1. Know the laws around customer information

As a business owner, you may be required under the Privacy Act 1988 (Privacy Act) to protect your customers’ personal information from:

  • theft
  • misuse
  • interference
  • loss
  • unauthorised access
  • modification
  • disclosure.

When you no longer need your customers’ personal information you must destroy or de-identify it. This includes shredding documents or storing them in a secure area.

2. Check if your business needs to comply

If your business has an annual turnover of more than $3 million, you must comply with the Privacy Act.

If your business has an annual turnover of $3 million or less, you may still need to comply with the Privacy Act depending on what your business does. For example, you need to comply with the Act if you’re a:

  • private sector health service provider. This includes complementary therapists, gyms, weight loss clinics, child care centres and private education providers
  • business that sells or buys personal information
  • contractor providing services under a contract with the Australian Government
  • credit provider or credit reporting body
  • residential tenancy database operator.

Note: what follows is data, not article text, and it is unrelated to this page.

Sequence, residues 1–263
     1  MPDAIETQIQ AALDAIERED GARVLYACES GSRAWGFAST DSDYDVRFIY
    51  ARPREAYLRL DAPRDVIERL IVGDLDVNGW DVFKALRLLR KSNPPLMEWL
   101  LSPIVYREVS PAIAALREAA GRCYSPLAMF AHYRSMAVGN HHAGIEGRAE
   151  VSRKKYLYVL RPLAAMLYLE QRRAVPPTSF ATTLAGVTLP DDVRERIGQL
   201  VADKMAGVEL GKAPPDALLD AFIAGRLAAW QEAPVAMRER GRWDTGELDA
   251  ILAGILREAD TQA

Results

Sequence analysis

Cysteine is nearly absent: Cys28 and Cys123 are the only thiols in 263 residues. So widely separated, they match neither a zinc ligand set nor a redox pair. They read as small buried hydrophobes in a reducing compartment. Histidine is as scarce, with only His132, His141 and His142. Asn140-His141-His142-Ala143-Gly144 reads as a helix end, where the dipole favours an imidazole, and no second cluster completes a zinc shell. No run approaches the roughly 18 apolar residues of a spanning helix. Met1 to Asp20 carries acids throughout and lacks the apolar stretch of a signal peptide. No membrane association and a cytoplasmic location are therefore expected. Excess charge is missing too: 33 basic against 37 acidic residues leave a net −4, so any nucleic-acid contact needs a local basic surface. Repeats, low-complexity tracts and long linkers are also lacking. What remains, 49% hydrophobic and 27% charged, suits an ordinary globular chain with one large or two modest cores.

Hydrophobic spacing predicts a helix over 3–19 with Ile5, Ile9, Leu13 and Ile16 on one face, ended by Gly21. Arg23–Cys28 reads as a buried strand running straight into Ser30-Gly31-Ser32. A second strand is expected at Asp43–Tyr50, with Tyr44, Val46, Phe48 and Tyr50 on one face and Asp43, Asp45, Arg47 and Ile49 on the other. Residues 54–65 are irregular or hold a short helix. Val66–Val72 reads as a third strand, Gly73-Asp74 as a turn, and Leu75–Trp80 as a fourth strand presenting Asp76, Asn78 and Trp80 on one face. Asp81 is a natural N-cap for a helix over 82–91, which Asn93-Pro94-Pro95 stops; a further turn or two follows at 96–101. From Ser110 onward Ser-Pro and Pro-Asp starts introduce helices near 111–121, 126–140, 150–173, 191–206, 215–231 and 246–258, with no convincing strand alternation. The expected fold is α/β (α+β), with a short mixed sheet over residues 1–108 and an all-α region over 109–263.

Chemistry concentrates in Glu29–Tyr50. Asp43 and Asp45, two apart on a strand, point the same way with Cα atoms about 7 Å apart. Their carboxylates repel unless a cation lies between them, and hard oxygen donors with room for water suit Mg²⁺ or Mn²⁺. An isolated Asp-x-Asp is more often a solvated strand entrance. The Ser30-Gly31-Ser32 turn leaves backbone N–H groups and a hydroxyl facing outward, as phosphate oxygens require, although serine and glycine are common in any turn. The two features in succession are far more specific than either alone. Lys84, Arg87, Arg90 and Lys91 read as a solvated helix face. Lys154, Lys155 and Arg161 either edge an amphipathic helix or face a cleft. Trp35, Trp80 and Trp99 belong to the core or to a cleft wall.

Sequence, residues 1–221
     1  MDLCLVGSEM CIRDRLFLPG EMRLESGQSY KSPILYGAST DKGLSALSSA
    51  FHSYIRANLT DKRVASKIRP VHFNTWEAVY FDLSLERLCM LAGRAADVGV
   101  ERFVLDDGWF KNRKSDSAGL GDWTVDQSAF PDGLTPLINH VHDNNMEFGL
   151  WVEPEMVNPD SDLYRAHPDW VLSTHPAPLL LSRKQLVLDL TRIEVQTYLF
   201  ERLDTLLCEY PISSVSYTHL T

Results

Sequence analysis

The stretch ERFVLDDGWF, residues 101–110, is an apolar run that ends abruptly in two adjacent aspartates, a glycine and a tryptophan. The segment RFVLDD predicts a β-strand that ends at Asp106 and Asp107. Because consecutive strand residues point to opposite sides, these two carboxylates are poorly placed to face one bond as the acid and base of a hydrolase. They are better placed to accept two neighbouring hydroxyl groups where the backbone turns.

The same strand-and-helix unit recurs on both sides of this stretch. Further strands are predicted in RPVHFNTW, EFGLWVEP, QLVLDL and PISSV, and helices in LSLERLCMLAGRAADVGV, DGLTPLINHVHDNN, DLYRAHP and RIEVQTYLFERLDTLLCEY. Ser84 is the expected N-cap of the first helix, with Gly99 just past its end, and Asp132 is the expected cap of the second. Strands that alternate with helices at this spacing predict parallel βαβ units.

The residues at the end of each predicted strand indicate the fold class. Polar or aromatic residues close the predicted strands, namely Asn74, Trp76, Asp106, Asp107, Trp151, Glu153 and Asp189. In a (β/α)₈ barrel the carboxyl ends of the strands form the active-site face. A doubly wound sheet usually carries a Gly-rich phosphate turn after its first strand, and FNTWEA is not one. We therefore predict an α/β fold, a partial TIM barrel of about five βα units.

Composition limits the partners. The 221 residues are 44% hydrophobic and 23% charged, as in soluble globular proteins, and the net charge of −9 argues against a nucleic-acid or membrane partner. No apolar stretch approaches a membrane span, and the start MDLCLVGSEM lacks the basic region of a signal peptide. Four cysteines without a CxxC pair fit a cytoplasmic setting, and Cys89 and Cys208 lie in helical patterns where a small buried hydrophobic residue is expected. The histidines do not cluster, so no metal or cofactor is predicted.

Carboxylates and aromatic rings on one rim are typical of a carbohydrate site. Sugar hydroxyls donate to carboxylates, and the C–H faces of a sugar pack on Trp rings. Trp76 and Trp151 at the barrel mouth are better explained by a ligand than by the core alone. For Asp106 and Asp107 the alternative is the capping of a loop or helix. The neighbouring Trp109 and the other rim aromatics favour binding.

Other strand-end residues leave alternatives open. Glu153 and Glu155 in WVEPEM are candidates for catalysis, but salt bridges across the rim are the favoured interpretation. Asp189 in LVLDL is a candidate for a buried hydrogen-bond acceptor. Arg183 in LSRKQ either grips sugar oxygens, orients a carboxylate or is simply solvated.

3. Decide what information is personal

Personal information is any information that can identify (or reasonably identify) an individual. It doesn’t matter if the information is true or what form it’s in.

Personal information might include your customers’:

  • name
  • signature
  • address, email, telephone number and date of birth
  • medical records
  • bank details
  • photos and videos
  • IP address
  • opinions which could be used to identify them.

4. Find out how to protect personal information

If the Privacy Act covers your business, you need to comply with the Australian Privacy Principles (APPs). These outline how you must handle, use and manage personal information. It’s a good idea to check the APPs and the APP guidelines to understand your responsibilities.

Even if the Privacy Act doesn’t cover your business, it’s important to handle your customers’ personal information appropriately.

5. Prepare your privacy policy

You need to have a clear and up-to-date privacy policy. This outlines the information you collect, what you use it for and how you protect it. It's a good idea to make your privacy policy available on your website.

You may wish to seek legal advice when drafting your privacy policy or for any other privacy issues.

6. Report notifiable breaches

If your business is covered by the Privacy Act, you need to comply with the Notifiable Data Breaches scheme. If a data breach involves personal information and is likely to cause serious harm to a person, you need to notify both the:

  • person involved
  • Office of the Australian Information Commissioner (OAIC).

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